According to the Financial Industry Regulatory Authority (FINRA), Randall Layne Girton, of Orland Park Illinois, recommended that one of his Well Fargo customers purchase mutual fund shares and then, shortly thereafter, sold them to reinvest in a Wells Fargo investment advisory program, known as “Fund Source.” FINRA investigated and concluded that Mr. Girton’s recommendation that the customer sell her mutual fund share to invest in a Wells Fargo Proprietary Investment Advisory Program was an unsuitable investment recommendation, especially when he recommended several months after that the customer sell the Fund Source program and repurchase the mutual funds.
FINRA Rule 2111(a) requires that registered representatives have a reasonable basis to believe that the recommended securities transactions are suitable in light of a particular customer’s investment objectives and financial condition. FINRA found that Mr. Girton’s recommendation that the Wells Fargo customer liquidate the Class A mutual fund shares that were part of a long term buy and hold investment strategy within months was unsuitable. According to FINRA, Mr. Girton had no basis to believe that the expected return on the Fund Source program would exceed the return on the mutual fund investment he previously recommended.
Further, FINRA found that Mr. Girton again recommended, several months later, that the Wells Fargo customer move her investments out of the Fund Source program, and then reinvest them back into Class A mutual fund shares. FINRA apparently believed the movement of the Wells Fargo customer’s assets in and out of investments added fees and charges which were allegedly for Mr. Girton’s benefit and not his customer’s.
Randall Girton submitted an Acceptance Waiver and Consent (AWC) agreement, without admitting or denying the allegations, in which he was fined $12,500 and ordered to disgorge commissions he received in the amount of $5,165. Mr. Girton’s unsuitable investment recommendations also resulted in a suspension from being associated with any FINRA member for a period of 3 months.
Stockbrokers have been known to engage in many types of practices in violation of industry and firm rules, practices, and procedures including the recommendation of unsuitable investments and unsuitable investment strategies. In order to protect customers from stockbroker misconduct, FINRA rules require that broker-dealers establish and implement a reasonable supervisory system. The implementation of the rules require supervisors to monitor employees to ensure they comply with federal and state securities laws, securities industry rules and regulations, and the brokerage firm’s own policies and procedures. If broker dealers like Wells Fargo and their supervisors do not establish and implement these protective measures, they may be a liable to investors for damages flowing from the misconduct. As a result, investors who have suffered losses because of their stockbroker’s unsuitable investment recommendations can file a claim to recover damages against broker dealers like Wells Fargo, which should consistently oversee its employees in order to prevent stockbroker misconduct.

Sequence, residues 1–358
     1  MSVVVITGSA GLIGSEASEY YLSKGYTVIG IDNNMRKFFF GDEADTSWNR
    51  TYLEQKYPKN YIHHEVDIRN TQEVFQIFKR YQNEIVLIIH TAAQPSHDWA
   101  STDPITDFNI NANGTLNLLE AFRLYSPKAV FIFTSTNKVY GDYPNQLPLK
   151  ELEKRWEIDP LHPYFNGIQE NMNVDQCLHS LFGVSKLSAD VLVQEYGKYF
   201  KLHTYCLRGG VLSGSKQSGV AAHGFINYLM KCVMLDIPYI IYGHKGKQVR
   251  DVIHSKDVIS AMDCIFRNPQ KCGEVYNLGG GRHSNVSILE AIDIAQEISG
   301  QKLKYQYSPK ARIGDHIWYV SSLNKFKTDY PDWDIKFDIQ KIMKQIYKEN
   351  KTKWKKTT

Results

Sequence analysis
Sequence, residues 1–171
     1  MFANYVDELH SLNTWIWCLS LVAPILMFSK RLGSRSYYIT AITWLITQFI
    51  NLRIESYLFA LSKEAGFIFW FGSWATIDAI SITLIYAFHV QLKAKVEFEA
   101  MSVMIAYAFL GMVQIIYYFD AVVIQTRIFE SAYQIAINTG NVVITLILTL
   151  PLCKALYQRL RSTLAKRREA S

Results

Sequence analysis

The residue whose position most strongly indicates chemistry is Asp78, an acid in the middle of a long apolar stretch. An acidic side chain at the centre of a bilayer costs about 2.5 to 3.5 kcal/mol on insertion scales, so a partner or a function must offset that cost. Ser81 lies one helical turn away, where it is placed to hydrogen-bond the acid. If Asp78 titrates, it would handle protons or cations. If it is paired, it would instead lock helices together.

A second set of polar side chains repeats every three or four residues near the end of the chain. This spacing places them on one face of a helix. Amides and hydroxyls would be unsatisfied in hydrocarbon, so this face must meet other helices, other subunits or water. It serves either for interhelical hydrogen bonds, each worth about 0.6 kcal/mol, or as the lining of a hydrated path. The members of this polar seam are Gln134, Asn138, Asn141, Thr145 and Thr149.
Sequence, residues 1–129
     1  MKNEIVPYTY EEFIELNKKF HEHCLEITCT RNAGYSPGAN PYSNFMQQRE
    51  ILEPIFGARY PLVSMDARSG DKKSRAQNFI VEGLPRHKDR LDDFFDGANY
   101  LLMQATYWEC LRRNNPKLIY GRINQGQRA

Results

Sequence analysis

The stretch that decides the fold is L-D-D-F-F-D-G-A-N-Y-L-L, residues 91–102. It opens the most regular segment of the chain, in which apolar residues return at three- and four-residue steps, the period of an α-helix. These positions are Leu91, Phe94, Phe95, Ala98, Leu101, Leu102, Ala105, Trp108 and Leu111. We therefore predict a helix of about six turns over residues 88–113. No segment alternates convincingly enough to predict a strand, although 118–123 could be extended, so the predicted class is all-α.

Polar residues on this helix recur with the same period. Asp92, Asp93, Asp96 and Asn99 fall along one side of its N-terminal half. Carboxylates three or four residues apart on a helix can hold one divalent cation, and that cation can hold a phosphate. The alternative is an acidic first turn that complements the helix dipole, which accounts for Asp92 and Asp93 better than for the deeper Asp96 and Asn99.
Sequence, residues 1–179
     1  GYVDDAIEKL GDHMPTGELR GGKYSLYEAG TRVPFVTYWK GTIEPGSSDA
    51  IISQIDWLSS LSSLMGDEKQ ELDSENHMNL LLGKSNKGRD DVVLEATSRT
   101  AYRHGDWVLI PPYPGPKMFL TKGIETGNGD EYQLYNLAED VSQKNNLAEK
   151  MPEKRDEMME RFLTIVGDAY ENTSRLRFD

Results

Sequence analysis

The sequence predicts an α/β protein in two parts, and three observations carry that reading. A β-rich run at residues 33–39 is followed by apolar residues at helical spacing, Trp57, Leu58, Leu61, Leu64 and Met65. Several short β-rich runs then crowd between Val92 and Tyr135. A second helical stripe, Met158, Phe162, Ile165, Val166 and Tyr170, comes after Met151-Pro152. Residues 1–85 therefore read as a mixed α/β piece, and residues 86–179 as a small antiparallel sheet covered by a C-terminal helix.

Have you suffered losses in your Wells Fargo investment account due to your stockbroker’s recommendation which wasn’t in line with your investment objectives? If so, call Robert Pearce at the Law Offices of Robert Wayne Pearce, P.A. for a free consultation. Mr. Pearce is accepting clients with valid claims against stockbrokers for unsuitable recommendations, misrepresentations, and/or other unauthorized and illegal conduct.
The most important of investors’ rights is the right to be informed! This Investors’ Rights blog post is by the Law Offices of Robert Wayne Pearce, P.A., located in Boca Raton, Florida. For over 33 years, Attorney Pearce has tried, arbitrated, and mediated hundreds of disputes involving complex securities, commodities, and investment law issues. The lawyers at our law firm are devoted to protecting investors’ rights throughout the United States and internationally! Please post a comment, call (800) 732-2889, send Mr. Pearce an email at email@example.com, and/or visit our website at www.secatty.com for answers to any of your questions about this blog post and/or any related matter.